Publisher | Westwood Books Publishing
Genre | Self-Help
Born at the end of WWII into a very dysfunctional Southern family. Annette had been abandoned at birth and left in the care of her grandparents, reclaimed by her mother at age three. A neglected childhood led to her kidnapping at age 12. Forced into an arranged marriage at 16, homeless at 17. she is a self-made person. At the age of 19 she was working three jobs and going to two schools full time; the University of Miami and the New School of Fine Art. Rawlings expressed a pioneer spirit of fortitude and resilience.
On her mothers side, Williams, she was told that her great grandfather, Green Williams fought in the Civil War even though he was said to have some Cherokee blood. Annette is a DAR, Daughter of the American Revolution. On her fathers side, Rawlings, she was told by her grandmother she was related to the Pulitzer prize winner Marjorie Kennan Rawlings, who wrote The Yearling. There is only one Rawlings family that came over.
Perhaps this helps account for her creativity, ability to survive and fortitude to continue.
As a product of the 60s, artist Annette Rawlings associated with many of the actors, rock stars, writers and innovators who changed the course of American Culture. Rawlings was living in Coconut Grove, Miami. Her night time job was working at the Gas Light Coffee House. Her neighbor was Tennessee Williams, Kiel Mueller who was an actor living in the Grove, later went to Hollywood and became Kiel Martin, a TV star on Hill Street Blues, David Crosby was a regular in the Grove where he met Joni Mitchell. David later became part of Crosby, Stills and Nash. Fred Neil lived there and wrote music, played guitar and sang. Fred became famous for writing Everybodys Talking the theme song to the film Midnight Cowboy. Timothy Leary showed up one day at the Gas Light passing out sugar cubes.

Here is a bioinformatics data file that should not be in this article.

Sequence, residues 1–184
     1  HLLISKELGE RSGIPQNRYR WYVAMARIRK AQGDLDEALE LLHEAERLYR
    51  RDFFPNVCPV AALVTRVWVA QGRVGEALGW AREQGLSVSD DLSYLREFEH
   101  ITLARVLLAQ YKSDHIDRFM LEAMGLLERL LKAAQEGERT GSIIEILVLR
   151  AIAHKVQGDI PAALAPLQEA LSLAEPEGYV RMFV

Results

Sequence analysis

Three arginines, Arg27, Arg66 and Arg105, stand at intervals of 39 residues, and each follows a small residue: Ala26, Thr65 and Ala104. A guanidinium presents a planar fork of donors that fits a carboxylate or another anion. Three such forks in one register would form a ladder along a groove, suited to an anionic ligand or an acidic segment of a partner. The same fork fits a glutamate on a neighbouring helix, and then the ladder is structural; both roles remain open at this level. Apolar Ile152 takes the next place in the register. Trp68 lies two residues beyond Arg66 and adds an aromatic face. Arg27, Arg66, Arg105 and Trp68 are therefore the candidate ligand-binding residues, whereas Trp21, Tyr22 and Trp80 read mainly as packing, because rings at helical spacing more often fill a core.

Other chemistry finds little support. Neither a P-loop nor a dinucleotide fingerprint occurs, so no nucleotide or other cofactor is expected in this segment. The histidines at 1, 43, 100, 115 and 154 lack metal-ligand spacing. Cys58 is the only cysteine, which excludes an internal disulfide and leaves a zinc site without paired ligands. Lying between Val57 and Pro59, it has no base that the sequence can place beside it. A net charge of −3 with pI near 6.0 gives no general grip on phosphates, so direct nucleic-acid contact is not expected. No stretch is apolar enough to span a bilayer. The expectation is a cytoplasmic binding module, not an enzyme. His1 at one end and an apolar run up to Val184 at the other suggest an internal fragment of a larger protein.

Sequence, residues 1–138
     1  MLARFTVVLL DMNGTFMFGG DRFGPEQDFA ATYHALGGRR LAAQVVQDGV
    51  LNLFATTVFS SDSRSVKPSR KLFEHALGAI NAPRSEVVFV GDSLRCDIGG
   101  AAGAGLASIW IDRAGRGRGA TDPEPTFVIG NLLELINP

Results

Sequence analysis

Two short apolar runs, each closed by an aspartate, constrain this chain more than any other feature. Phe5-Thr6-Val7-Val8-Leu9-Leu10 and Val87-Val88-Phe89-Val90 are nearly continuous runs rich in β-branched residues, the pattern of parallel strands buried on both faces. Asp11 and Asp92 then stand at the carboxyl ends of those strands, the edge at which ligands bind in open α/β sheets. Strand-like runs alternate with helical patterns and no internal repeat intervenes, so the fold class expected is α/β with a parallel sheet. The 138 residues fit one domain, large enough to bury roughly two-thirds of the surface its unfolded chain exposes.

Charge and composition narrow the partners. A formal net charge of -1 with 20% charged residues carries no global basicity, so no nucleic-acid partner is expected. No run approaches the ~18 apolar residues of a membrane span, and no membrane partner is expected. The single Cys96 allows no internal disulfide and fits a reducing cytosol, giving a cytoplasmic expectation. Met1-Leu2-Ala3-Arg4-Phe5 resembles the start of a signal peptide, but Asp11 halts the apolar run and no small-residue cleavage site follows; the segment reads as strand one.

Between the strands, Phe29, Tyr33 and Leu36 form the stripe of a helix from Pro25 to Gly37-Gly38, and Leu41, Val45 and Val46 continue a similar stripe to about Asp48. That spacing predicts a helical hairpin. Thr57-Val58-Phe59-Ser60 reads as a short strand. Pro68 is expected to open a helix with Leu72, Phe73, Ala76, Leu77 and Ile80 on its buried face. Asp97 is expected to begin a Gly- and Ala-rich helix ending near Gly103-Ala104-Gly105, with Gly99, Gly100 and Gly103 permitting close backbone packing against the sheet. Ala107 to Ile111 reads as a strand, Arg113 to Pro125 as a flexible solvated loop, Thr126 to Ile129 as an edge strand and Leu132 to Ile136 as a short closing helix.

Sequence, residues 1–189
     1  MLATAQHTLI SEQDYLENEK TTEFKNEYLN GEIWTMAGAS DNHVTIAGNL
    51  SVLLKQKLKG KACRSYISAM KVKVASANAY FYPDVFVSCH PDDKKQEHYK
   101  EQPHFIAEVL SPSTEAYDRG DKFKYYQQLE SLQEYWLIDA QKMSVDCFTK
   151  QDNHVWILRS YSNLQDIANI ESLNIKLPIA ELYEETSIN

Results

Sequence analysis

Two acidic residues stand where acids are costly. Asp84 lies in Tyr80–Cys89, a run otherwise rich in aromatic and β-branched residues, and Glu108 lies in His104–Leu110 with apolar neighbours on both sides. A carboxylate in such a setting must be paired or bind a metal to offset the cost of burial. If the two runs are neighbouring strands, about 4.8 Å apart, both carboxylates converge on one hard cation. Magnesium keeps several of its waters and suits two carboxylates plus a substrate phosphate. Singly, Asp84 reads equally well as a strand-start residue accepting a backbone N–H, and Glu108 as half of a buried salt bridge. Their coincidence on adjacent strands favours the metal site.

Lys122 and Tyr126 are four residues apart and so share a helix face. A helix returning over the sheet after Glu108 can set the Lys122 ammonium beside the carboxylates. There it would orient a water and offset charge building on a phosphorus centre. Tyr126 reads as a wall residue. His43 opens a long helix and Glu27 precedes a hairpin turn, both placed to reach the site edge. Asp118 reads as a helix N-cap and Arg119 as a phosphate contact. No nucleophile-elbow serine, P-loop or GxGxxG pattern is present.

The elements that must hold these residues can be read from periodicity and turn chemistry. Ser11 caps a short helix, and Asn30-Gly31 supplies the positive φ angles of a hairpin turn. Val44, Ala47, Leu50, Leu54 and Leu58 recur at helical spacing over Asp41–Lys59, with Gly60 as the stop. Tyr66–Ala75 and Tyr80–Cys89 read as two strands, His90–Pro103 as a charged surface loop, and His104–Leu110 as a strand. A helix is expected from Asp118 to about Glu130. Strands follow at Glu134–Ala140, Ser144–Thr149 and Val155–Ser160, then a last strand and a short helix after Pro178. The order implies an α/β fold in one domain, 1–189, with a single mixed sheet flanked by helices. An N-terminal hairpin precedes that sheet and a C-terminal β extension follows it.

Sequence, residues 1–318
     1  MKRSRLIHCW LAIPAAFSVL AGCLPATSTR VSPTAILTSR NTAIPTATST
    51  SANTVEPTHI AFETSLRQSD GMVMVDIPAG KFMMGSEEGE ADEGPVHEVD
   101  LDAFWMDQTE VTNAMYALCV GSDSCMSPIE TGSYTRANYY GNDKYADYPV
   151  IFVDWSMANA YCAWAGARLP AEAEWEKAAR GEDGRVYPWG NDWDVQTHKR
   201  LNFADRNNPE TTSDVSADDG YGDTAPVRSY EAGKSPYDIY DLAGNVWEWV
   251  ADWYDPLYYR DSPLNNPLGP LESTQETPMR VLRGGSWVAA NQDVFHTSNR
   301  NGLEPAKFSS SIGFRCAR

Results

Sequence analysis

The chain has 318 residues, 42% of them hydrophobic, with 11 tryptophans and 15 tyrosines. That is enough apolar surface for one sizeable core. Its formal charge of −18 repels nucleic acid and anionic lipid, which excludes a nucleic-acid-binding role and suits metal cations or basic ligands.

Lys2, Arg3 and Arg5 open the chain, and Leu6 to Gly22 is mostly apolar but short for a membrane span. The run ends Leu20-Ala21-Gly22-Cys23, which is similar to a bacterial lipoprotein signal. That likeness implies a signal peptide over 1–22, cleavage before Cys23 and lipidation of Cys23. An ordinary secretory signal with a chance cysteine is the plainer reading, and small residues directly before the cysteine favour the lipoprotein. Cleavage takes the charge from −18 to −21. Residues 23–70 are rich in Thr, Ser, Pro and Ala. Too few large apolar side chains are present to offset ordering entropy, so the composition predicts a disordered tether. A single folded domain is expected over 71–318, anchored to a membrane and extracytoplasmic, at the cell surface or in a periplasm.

Annette became caught up in a creative way that was greatly influenced by the colors and cultural atmosphere of Coconut Grove. The culmination of this activity is seen in her art. Her art reflects such experiences as spending a year in the jungles of Central America and living a year at the Plaza Hotel in New York City. Viewers of her art will experience the simplicity and complexity that are portrayed in her art.
Rawlings technique appears simple but is very complex. She begins by stretching linen, securing it with copper tacks. Then making a rabbit skin glue, which is cooked in a double boiler on the stove and at a specific temperature is applied by brush to the linen. This process seals the linen and makes it ready for the oil paints, which are handmade using Renaissance techniques and color formulations. The paintings are created by using a one-inch brush, applied in a cross hatching manner. Each color has its own weight and depending on the color very thin layers, up to 5 or 7, are brushed on, according to the thickness, so the surface of the oil paint is even. Then a copal varnish is applied. Copal varnish comes from the sap of a tree, the same sap that creates amber. Annette does not use black or white in her art because she does not want the black to sink and the white to jump out. She uses Indigo for black and adds vermillion, chrome yellow, and burnt umber to white so the color doesnt jump out. She wants her colors to lie peaceful next to each other, Annette learned how to do this by studying Renaissance color formulation.
Everyone she encounted in the Grove encouraged her creativity and supported the direction in her art. Of course they always had their constructive criticisms, which helped her grow. The Grove was an artists sanctuary from the late 50s to the early 80s. The Frost Art Museum, Miami became aware of this pocket of creativity that existed in Coconut Grove and created an exhibit filled with the artists who had lived in Coconut Grove during the late 50s to the early 80s. The exhibit was titled Place and Purpose Art transformations in Coconut Grove. On view during the summer of 2021.